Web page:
Baxter Talks Cutting Gone Girl Solo with Fincher

Two-time Oscar-winning editor Kirk Baxter (The Girl with the Dragon Tattoo, The Social Network) enjoyed the narrative complexities and satirical fun of Gone Girl. Gillian Flynn’s adaption of her bestselling thriller is like a Punch and Judy act for Ben Affleck and Rosamund Pike, which David Fincher likens to Fight Club for marriage. The editorial trick was creating a language for three different storylines that was easy to follow and compelling — while getting out of the first act as quickly as possible for this 149-minute thrill ride.

“You’ve got three different timelines intercutting at the same time: Nick’s story [Affleck], the police procedural [led by Kim Dickens], and Amy’s voice-over [Pike],” Baxter explains. “As long as the viewer doesn’t have to work too hard to [keep up]. It’s all about maintaining question marks.”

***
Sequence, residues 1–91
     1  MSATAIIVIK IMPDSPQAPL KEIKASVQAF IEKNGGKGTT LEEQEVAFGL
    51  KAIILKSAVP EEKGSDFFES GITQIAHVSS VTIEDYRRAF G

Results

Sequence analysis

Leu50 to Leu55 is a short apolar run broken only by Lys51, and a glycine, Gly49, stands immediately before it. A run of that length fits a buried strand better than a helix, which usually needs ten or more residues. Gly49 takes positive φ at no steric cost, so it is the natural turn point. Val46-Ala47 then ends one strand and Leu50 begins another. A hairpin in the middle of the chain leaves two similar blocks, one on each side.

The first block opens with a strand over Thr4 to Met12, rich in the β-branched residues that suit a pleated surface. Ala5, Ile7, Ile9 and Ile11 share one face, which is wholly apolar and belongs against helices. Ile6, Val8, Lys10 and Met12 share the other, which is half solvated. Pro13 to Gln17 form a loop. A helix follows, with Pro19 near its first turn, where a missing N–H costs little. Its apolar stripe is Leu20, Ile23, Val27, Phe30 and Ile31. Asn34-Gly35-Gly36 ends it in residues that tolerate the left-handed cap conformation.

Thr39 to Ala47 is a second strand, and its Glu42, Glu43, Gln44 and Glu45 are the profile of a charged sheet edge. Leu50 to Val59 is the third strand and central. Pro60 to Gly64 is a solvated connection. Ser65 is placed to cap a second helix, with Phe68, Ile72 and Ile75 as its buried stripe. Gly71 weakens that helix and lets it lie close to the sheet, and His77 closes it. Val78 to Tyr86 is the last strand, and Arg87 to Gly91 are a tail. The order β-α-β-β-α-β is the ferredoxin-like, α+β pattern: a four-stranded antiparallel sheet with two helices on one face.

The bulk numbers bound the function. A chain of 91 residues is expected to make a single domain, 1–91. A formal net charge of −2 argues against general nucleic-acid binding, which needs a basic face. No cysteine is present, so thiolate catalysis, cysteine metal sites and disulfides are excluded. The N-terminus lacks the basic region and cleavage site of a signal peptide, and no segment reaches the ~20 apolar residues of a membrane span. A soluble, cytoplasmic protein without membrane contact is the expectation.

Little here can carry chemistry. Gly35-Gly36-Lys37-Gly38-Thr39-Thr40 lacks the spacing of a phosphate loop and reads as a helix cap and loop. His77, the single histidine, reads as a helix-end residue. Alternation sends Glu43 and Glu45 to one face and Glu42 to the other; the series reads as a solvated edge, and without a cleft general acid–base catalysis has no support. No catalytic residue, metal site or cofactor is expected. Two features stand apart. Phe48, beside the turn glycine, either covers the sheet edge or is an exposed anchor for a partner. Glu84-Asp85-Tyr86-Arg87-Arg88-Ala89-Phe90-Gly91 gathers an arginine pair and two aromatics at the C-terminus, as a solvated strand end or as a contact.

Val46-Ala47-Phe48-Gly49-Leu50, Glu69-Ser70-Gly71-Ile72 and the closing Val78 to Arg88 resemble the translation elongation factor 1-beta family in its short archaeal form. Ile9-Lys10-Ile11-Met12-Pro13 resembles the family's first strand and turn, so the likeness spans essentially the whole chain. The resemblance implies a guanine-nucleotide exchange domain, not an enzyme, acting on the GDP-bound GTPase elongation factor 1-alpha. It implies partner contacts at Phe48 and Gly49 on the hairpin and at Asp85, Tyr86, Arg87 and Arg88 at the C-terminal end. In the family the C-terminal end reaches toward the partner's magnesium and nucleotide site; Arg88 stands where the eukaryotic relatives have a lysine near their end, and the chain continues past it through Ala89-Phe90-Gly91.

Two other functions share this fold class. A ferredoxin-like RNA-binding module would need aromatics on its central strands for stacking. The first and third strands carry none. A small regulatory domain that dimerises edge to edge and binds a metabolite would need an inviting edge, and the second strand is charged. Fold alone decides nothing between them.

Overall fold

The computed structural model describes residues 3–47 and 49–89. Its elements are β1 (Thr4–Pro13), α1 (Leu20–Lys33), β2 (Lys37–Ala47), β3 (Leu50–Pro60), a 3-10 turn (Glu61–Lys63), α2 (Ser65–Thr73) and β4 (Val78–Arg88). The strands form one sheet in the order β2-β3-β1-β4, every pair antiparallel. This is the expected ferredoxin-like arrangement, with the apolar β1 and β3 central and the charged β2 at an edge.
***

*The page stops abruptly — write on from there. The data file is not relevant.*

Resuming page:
Gone Girl marks the fifth consecutive Fincher film for Baxter since Zodiac, but the first as solo editor without Angus Wall.  It’s also the first major Hollywood feature cut on Premiere Pro CC, which is a big boost for Adobe. The decision was made because of the tight integration between Premiere Pro CC and After Effects CC, which allowed multiple editors and VFX artists to work on the same project. And, Premiere Pro CC was able to play back 6K files in real-time for VFX review.

Read the rest at TOH/Indiewire.

Posted on by Bill Desowitz in Below the Line, Editing, Movies, Oscar, previs, Tech, Trailers, VFX, Virtual Production

Add a Comment